The Cone of Uncertainty

What is the Cone of Uncertainty?

In project management, the term “Cone of Uncertainty” describes the transition from high levels of uncertainty at the beginning resulting from the lack of knowledge to the point where there are no unknowns and therefore a state approaching 100% certainty.

In software development the term is used in highly volatile environments where both technical and business requirements are changing rapidly.  In some industries the environment changes so infrequently that, for the duration of any single project, the environment can be considered static. In these cases, the Cone of Uncertainty rapidly reaches 100% certainty.

In volatile environments the Cone of Uncertainty is narrowed by research and by judicious de-risking decisions often labelled Change Control.

Why is the concept useful in Business?

Clearly there are technical applications, the US Hurricane Centre, for example, uses the science behind the Cone of Uncertainty to forecast the likelihood and path of hurricanes. Admittedly this is the exact opposite of the way it is used in software development but the principle is the same.

I find it useful when reviewing major account strategies and sales pipeline. The less we know about a client, their buying behaviour, their propensity to spend, the make-up of their buying committee, their budget, the impact of “doing nothing”, etc., etc., the higher the levels of uncertainty.

Realising and being honest about the level of uncertainty allows you to build strategies that drive out the uncertainty and move closer and closer to a position of full certainty. One major benefit of this strategy is that often it becomes apparent that the client is not going to buy at a much earlier stage. Brave sales execs will no bid and walk away saving themselves time to work on deals with a better likelihood of success and saving the firm significant presales costs.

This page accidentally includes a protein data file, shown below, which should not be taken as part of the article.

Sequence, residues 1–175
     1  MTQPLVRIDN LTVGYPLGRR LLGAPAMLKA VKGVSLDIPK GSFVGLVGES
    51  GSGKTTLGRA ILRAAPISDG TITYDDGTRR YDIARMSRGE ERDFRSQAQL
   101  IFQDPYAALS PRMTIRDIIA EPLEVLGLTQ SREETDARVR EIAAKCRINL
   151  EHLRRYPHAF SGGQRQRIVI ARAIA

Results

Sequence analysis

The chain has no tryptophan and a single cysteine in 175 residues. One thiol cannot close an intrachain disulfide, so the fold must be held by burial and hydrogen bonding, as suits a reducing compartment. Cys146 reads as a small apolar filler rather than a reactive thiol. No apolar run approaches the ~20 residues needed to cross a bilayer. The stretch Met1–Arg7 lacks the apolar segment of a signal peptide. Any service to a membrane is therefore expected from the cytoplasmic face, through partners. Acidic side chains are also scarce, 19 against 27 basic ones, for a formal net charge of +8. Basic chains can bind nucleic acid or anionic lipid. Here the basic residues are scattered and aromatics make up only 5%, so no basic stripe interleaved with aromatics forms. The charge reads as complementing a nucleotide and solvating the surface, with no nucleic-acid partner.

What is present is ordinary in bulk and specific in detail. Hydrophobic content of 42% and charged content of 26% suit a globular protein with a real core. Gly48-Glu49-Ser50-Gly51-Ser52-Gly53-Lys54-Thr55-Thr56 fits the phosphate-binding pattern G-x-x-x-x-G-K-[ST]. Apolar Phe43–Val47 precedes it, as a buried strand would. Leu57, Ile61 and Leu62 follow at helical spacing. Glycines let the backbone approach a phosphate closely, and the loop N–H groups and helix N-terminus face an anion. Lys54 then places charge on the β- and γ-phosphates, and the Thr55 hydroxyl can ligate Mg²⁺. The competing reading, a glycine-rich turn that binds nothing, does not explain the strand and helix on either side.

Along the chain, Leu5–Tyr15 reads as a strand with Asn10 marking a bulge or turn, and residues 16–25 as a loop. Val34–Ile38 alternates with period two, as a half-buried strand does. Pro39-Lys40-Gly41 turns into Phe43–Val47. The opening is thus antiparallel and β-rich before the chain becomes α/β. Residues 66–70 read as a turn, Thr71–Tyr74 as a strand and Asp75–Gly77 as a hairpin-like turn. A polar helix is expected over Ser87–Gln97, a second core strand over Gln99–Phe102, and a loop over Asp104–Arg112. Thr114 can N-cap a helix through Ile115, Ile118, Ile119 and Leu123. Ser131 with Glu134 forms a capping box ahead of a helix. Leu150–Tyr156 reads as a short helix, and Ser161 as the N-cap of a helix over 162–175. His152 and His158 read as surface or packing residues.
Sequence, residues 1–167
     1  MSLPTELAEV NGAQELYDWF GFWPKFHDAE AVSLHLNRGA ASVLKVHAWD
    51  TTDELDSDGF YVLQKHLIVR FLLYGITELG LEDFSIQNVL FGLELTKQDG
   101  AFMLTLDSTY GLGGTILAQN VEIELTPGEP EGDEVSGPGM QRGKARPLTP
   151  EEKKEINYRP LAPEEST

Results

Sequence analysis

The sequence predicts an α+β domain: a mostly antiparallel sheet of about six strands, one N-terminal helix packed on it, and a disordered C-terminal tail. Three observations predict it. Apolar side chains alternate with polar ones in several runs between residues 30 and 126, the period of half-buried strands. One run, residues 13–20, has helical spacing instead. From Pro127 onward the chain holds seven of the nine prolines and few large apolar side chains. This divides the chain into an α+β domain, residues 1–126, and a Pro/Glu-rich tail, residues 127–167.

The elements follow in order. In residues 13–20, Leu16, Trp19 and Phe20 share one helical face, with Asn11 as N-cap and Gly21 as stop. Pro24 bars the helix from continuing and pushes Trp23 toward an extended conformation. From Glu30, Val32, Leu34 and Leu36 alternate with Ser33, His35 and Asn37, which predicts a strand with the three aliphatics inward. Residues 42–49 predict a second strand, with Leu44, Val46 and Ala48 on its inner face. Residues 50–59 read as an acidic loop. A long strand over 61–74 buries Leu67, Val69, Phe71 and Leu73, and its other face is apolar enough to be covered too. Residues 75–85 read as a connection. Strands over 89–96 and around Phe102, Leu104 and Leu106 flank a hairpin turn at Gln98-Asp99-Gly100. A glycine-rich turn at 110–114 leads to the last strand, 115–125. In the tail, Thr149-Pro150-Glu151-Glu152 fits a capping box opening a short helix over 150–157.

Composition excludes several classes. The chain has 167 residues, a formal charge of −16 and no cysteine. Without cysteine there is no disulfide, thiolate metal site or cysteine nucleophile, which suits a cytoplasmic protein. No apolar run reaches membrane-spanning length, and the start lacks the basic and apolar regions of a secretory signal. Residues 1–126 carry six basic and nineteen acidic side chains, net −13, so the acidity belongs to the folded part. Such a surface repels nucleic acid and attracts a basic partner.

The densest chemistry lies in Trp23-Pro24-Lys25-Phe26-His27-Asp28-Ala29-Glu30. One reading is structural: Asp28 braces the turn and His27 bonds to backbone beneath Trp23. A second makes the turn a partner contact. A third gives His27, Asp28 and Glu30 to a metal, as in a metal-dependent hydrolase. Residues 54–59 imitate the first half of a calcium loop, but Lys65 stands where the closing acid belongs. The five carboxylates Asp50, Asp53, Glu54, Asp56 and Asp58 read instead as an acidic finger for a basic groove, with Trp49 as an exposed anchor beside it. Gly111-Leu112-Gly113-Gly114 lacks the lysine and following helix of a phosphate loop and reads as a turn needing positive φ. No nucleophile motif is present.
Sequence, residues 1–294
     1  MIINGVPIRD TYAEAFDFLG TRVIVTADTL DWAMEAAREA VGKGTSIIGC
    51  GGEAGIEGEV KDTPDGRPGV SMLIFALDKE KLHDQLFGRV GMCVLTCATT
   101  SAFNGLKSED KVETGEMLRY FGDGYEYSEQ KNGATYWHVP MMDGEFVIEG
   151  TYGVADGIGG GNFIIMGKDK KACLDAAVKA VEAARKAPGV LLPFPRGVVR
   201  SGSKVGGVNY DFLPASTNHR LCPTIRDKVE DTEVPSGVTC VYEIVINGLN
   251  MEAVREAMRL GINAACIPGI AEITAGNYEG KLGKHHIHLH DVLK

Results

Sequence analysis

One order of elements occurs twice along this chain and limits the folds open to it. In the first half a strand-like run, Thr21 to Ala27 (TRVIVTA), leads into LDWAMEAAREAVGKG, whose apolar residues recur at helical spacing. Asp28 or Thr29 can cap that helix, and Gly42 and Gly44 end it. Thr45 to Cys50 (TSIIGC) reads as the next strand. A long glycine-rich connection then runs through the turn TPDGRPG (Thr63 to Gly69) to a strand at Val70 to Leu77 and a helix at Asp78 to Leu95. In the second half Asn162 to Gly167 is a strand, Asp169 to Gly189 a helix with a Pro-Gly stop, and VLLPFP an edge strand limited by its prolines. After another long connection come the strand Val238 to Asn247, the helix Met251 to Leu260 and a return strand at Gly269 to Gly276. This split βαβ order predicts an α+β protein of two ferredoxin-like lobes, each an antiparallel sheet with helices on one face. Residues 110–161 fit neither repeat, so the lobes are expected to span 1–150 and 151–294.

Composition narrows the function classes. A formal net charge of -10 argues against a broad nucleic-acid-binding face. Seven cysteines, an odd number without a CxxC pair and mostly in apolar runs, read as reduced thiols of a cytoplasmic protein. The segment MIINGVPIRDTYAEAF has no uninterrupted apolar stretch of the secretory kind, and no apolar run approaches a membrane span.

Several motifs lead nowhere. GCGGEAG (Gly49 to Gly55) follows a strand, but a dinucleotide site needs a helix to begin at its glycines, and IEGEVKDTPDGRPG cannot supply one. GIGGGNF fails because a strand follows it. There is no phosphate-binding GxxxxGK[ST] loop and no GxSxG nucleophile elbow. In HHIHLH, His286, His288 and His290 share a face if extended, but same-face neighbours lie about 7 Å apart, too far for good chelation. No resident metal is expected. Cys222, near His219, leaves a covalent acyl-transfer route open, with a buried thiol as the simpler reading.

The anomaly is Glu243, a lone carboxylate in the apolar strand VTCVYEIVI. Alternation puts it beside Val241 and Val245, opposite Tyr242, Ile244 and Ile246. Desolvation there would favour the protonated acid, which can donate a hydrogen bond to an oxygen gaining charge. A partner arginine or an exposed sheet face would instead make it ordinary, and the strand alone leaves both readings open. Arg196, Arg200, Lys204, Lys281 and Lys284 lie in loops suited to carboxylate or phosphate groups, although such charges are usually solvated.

I also find the concept useful when considering making new investments. It is very easy to get emotionally involved in a new idea or new concept at an early stage. You are being sold to. The seller is full of confidence. It is easy to be carried along with the strength of the message. However, understanding the risks and realising what you don’t know allows you to establish an understanding of where you are in the Cone of Uncertainty. Diligent questioning, research and testing will move you through the cone towards certainty and hence an informed decision.

Clearly, reaching 100% certainty is utopia and not often attained. However, making informed decisions are clearly better than managing on a wing and a prayer.

Finally, closest to my heart, are the people we employ and the culture they help shape. Knowing the vision for the firm and the behaviours that reinforce the culture and values we have so carefully built allows us to rapidly drive through the cone of uncertainty when interviewing, background and reference checking potential employees so that we have a much higher level of certainty when we make job offers.

Do you use the Cone of Uncertainty principle when making business decisions? If so, where do you find it most useful?

Do you think this a waste of time and prefer to fly by the seat of your pants? If so, does it work for you or do you find yourself making the wrong decisions often?

Do you thing that an obsession with getting it right and de-risking decisions slows a company down and makes them less agile?

I am eager to hear your thoughts.

About Peter Borner

Peter is an entrepreneur and successful business leader. Currently leading a consultancy firm specialising in technical diligence for M&A and advising global firms on IT consolidation and migration to consumption based costing through the use of Cloud Technologies.

, , ,

0 comments